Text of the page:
Welcome to our summer edition of Farming Matters. A lot has changed since our last issue and most of our conversations and the underlying theme of…
Since the Budget there has been much noise about the super-deduction only being available to companies, with partnerships and sole traders, which still make up the vast majority of businesses in the rural sector, not being able to take advantage of these enhanced capital allowances.
Similarly, we are often questioned why valuable R&D tax credits are also not available for unincorporated businesses. A reasonable question which unfortunately cannot be answered. However, one could argue that these are both examples of the governments focus on the incorporated sector and perhaps their somewhat short sightedness to the importance of the unincorporated sector in the UK economy.
Looking forward, perhaps those partnerships and sole traders should re-focus on the impact of the fall in the so-called Annual Investment Allowance (AIA) in January 2022 if they are planning to purchase new machinery in the coming year.
Currently all businesses can claim 100% write off on qualifying plant and equipment – and indeed, where applicable, integral features – at a level of up to £1 million per annum for purchases made before December 31 this year. From January 2022 the annual threshold for the so-called AIAs reduces back to the default £200,000 per annum, and this can have a significant effect depending on when your financial year end falls.
Take, for example, a farming partnership with a typical year end of 31 March 2022. That business will only have an annual investment capacity of three twelfths of £200,000 in the last quarter of its current financial year – a total of £50,000. In contrast, for the first nine months of the year, up to 31 December 2021 when the investment allowance reduces, the business will have nine twelfths of the £1 million AIA – or £750,000 of capacity to make machinery changes and write off the value of the replacement equipment at 100%.
The message here is that for partnerships and sole traders with a year end other than December 31, and in particular the many with a March 31 year end, leaving all your equipment investment decisions until the last quarter of 2021/22 might well result in far less immediate tax relief than you expected to gain.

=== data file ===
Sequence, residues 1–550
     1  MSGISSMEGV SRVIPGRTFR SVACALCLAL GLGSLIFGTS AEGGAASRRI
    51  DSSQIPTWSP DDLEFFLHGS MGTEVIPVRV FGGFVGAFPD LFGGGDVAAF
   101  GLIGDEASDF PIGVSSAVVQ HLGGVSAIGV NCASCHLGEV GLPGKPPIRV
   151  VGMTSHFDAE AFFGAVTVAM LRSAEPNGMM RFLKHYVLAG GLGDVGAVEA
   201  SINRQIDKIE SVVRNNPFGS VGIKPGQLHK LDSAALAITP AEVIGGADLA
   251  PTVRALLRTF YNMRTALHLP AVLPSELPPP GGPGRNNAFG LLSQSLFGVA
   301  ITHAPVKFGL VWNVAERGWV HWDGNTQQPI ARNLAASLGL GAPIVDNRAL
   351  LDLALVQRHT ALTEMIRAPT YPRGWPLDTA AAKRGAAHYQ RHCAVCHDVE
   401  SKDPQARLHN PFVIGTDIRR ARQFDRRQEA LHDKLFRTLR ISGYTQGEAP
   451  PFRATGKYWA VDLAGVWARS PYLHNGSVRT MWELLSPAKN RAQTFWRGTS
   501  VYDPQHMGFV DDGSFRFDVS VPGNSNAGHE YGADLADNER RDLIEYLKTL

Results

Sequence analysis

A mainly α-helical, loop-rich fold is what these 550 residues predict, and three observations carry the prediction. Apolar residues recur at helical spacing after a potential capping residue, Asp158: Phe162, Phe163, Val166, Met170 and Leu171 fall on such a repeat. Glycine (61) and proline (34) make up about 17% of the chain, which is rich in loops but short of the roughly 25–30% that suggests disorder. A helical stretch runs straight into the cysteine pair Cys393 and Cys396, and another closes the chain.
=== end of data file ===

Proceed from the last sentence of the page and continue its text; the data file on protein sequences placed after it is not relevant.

The situation may be worse if you combine the tax effect of selling old machinery in part exchange deals and the limitation on relief for new machinery, with the default writing down allowance set at a rather paltry 18%.
As always, businesses should only consider changing machinery when there is a business need to do so and when the deals are right for them. Depreciation is still one of the largest costs in many agribusinesses and managing that cost is even more critical as farm incomes potentially come under pressure as a result of free trade and the impact of the Agriculture Act with the phasing out of the Basic Payment Scheme.
For companies, the situation is different and whilst they enjoy the so-called 130% super-deduction for the next couple of years, they also face increased corporation tax rates from April 2023, hence why they have been given higher capital allowances in the meantime.
So, for many partnerships and sole traders, they may be happier to trade off the absence of super relief if they felt their own tax rates were unlikely to rise.
Unfortunately, this cannot be guaranteed and we may also see income tax and National Insurance rates rise, as the government starts to consider the most strategic ways in which it can deal with the significant additional borrowing caused by dealing with the Covid-19 pandemic.
For more information or advice, please contact our Agricultural team.
This article was first published in the Western Morning News on Thursday 20 May 2021.